1 package of your favorite seasoned croutons
1/2 pound shredded cheddar cheese
1/2 pound shredded jack cheese
1 bunch green onions, sliced
1 package cream cheese, cut into cubes
4 cups milk
1 teaspoon salt
1/2 teaspoon pepper
1 teaspoon dry mustard
4 shakes of hot sauce
Cover bottom of 14 4-ounce ramekins (or 8 large ramekins or a 9x13 pan), generously with seasoned croutons. Top croutons with shredded cheese, generously. Sprinkle sliced green onions on top and then cream cheese cubes on top of that.
Mix together the eggs. Add milk, salt, pepper, dry mustard and hot sauce and mix well. Pour this mixture slowly over each filled ramekin until almost full. Cover and allow to soak overnight in the refrigerator.
Bake at 350 for 45 minutes.
strawberry meringue cake
To make the prep go faster, toast and grind the hazelnuts a day or two before and store in an airtight container.
prep time: 30 minutes
bake time: 1 hour
6 egg whites, at room temperature
pinch salt or cream of tartar
1-1/4 cups sugar
2/3 cup hazelnuts, toasted, peeled, and ground (see note)
1/2 pound strawberries
2/3 cups heavy cream
Preheat an oven to 325°. On the back of a piece of parchment paper, draw an 8-inch circle with a pencil. Turn paper over and use it to line a baking sheet. Set aside.With an electric mixer, beat egg whites with salt or cream of tartar until soft peaks form. Beat in 1 cup of the sugar, a few tablespoons at a time, until stiff peaks form. With a rubber spatula, gently fold in the ground hazelnuts and remaining 1/4 cup sugar. Pour meringue onto parchment sheet circle, then gently spread to the diameter of the circle. Bake meringue for 20 minutes, then reduce heat to 275° and continue to bake until golden outside but slightly chewy inside, about 40 minutes more (it may crack). Remove from oven and cool completely on a rack.To serve, hull and slice strawberries. Whip the cream. Gently loosen meringue from parchment, then transfer to a serving platter (if it sticks to parchment, just transfer with parchment to platter and lift each portion off parchment with a spatula or cake server). Spread cream over meringue, then top with strawberries, leaving a border of meringue around the edges. Serve immediately, cut into wedges with a knife.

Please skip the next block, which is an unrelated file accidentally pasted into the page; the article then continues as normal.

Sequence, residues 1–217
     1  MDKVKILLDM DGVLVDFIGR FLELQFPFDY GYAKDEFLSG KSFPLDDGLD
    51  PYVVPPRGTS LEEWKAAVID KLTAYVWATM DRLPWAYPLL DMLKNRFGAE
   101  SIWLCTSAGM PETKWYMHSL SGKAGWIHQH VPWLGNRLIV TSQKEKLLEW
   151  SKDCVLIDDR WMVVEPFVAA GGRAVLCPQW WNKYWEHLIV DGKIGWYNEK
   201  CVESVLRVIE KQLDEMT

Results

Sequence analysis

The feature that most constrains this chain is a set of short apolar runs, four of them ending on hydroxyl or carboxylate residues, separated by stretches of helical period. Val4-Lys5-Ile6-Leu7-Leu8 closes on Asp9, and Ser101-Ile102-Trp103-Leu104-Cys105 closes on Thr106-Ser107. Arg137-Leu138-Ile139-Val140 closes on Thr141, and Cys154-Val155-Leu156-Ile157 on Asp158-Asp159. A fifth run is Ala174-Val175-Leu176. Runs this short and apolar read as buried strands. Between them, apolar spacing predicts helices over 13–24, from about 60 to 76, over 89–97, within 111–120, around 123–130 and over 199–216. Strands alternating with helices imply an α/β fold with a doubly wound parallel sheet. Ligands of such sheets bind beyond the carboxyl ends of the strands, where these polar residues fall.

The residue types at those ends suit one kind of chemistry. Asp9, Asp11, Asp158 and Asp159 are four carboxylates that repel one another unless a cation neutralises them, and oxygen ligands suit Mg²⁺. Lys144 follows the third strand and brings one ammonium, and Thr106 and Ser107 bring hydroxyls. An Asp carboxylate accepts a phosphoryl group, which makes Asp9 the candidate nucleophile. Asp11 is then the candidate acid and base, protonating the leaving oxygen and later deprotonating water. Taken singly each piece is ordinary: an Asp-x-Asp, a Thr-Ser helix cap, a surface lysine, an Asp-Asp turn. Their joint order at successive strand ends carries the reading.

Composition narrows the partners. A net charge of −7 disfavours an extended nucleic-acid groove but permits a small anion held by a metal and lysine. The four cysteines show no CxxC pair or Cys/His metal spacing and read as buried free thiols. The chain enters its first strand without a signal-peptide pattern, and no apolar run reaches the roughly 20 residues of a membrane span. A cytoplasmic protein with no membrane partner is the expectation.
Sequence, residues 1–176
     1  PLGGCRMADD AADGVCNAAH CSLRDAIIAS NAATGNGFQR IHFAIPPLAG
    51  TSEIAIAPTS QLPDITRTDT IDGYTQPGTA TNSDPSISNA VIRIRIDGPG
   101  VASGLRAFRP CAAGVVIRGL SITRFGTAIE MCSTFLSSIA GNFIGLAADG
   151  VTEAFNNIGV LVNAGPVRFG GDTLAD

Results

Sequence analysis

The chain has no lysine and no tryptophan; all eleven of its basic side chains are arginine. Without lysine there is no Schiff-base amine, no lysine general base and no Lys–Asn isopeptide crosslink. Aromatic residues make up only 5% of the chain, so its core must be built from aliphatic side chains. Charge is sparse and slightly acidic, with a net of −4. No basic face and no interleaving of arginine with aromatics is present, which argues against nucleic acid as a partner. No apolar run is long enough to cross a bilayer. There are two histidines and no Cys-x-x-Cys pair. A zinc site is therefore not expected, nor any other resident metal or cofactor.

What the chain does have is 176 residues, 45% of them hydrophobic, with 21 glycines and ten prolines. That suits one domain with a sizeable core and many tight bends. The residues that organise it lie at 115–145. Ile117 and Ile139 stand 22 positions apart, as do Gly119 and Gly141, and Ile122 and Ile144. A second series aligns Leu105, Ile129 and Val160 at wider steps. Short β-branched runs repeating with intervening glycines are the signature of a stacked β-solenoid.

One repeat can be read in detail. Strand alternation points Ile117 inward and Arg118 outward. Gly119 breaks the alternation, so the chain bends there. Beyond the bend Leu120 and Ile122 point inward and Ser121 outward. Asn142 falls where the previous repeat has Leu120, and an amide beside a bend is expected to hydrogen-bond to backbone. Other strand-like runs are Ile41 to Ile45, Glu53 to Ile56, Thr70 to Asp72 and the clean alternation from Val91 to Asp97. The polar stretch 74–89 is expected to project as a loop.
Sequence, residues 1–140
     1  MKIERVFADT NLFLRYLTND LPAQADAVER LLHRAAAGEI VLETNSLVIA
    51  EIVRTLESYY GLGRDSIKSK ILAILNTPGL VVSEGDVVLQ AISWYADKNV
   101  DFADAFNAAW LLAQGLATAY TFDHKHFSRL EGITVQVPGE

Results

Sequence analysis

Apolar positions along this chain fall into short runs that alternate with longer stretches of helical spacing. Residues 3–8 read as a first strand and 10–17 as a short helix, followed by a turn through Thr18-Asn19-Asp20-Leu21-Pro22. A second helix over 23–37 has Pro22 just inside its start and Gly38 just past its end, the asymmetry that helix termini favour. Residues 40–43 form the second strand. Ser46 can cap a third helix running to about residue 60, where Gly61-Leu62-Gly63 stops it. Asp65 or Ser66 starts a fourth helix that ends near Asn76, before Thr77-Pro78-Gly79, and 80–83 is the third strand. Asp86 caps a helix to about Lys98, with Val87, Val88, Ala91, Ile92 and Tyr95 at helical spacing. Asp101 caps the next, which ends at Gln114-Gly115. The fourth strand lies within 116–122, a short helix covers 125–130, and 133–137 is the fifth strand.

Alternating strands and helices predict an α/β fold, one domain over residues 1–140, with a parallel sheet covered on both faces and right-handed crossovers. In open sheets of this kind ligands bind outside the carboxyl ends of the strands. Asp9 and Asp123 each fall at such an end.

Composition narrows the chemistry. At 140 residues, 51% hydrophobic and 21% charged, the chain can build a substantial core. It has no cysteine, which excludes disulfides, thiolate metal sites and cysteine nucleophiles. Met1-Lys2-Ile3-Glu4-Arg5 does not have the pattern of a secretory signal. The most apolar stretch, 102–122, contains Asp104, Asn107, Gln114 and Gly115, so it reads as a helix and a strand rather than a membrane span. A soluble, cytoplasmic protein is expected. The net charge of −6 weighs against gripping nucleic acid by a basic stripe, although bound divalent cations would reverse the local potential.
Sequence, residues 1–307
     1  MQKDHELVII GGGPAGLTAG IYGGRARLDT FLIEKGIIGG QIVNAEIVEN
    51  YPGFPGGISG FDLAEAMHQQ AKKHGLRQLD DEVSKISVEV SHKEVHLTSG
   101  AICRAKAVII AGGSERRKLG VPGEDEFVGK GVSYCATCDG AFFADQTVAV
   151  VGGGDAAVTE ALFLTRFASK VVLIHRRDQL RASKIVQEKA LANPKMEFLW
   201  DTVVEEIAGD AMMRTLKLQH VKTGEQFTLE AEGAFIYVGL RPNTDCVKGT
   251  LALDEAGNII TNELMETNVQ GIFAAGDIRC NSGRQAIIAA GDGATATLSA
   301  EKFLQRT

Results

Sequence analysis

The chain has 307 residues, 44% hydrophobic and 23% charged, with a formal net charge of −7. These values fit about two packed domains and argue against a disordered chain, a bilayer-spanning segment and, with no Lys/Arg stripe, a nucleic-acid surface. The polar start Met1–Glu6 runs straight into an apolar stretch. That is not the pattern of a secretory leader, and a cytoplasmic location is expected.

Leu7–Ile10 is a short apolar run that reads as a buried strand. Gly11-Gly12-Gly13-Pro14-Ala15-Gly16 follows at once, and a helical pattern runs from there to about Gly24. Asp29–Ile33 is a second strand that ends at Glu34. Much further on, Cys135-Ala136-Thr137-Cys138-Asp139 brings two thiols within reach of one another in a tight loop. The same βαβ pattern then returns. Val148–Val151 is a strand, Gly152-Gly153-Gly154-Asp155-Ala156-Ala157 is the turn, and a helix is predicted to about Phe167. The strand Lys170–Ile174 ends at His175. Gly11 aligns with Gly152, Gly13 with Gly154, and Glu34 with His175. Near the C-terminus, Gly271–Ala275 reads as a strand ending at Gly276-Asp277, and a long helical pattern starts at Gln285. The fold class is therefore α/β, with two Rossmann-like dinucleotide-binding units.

Note: to toast hazelnuts, place them in a pie plate and bake at 350° until skins start to crack and nuts smell toasty (18 to 20 minutes). Remove nuts and cover with a dish towel; let stand about 5 minutes to steam. Put nuts in towel and knead and scrunch towel around nuts to slough off as much skin as possible (don't worry about every bit). Pulse nuts in a food processor until ground, but do not let turn to paste.